Any profession, law enforcement included, appreciates kind words from up top. But the White House has to be more than a pulpit for a bully. Ultimately Trump will be judged by deeds, not words. And the president’s actions are not promising. Border restrictions and immigrant raids do more harm than good, and neither does anything to reduce the “carnage” of urban violence over which Trump professes concern. Ramping up the war on drugs, with its multi-decade track record of futility, is certainly not the answer. Nor is increased incarceration, particularly when private prisons are involved. This is where the president’s power could do serious national harm.

Crime reduction does not happen through “zero tolerance,” xenophobia, or any slogan that can fit on a bumper sticker. Crime, violent crime especially, is related to society’s problems: illegal guns, lack of mental-health care, segregation, unemployment, drug prohibition and a general erosion of family, social and civic structure. These all desperately need our attention. But if 25 years of crime reduction taught us anything, it’s that we don’t need to fix the world before police can help fix a city.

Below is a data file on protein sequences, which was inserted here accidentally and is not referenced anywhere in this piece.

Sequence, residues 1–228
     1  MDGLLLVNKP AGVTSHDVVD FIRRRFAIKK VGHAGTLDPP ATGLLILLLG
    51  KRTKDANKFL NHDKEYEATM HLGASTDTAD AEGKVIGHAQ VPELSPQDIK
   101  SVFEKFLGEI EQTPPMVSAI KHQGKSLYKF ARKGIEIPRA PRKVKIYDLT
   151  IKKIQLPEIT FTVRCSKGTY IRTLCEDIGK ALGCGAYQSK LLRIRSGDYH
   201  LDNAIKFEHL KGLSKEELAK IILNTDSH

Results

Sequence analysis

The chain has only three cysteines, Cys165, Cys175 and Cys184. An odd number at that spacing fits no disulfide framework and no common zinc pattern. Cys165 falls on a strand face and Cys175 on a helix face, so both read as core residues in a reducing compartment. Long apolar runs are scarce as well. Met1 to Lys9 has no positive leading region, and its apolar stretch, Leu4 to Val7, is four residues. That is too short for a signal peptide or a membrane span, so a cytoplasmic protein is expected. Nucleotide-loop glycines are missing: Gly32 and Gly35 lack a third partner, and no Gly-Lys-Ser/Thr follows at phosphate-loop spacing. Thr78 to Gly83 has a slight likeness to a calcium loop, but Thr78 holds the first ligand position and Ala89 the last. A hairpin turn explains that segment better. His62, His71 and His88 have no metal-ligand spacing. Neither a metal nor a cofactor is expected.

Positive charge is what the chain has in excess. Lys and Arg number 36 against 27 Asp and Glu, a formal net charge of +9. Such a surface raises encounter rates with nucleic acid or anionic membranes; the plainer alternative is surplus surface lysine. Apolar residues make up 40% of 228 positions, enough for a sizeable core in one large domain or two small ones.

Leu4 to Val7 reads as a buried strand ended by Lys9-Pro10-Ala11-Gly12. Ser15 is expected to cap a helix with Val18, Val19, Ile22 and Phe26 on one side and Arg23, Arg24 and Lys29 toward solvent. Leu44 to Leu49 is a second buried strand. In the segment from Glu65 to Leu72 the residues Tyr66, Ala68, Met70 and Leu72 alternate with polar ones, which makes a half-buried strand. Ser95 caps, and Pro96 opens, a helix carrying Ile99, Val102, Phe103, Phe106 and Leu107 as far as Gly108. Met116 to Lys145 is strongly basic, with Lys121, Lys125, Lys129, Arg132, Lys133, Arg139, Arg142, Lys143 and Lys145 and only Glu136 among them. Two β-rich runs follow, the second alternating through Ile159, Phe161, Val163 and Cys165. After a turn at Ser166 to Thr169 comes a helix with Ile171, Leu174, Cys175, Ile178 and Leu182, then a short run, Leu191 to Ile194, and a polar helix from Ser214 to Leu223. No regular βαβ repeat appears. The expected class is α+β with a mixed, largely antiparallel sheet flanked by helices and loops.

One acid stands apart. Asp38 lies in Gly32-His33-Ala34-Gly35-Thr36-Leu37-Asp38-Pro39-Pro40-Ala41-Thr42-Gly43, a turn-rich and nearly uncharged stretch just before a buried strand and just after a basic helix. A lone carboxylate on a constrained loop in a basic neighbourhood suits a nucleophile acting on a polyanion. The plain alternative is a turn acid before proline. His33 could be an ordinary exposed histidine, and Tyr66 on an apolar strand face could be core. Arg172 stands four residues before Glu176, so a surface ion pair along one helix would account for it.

Policing is not one-size-fits-all, but we have a pretty good idea of what works and what doesn’t. Repeat violent offenders, particularly in cases involving illegal guns, need special attention and formal prosecution. When it comes to minor crimes and quality-of-life issues, though, residents must help identify problems and potential solutions. Police should help residents maintain order. Proactive policing, especially when it disproportionately affects minorities in high-crime areas, requires constant communication. A top-down approach of arrests and imprisonment does little but create justifiable resentment.

A free, diverse and civic society depends on good policing. If law enforcement shifts its focus to “cracking down” on immigrants, Muslims or any other enemy Trump invents, we risk a descent into repression and crime.